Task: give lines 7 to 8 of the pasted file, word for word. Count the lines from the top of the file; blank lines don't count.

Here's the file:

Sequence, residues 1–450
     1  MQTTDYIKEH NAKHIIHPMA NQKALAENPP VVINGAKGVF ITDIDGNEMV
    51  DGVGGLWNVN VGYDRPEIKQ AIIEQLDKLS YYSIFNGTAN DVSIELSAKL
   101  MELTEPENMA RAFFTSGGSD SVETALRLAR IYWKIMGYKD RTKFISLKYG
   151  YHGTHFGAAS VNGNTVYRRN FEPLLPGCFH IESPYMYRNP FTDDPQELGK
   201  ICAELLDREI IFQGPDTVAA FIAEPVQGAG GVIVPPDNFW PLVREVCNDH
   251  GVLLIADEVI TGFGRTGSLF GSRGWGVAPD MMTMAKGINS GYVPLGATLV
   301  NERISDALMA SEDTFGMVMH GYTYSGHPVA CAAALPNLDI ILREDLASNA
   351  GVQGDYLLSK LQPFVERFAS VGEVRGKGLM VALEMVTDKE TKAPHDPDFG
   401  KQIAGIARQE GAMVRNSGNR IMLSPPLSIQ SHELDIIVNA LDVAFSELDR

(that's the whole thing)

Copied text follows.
   251  GVLLIADEVI TGFGRTGSLF GSRGWGVAPD MMTMAKGINS GYVPLGATLV
   301  NERISDALMA SEDTFGMVMH GYTYSGHPVA CAAALPNLDI ILREDLASNA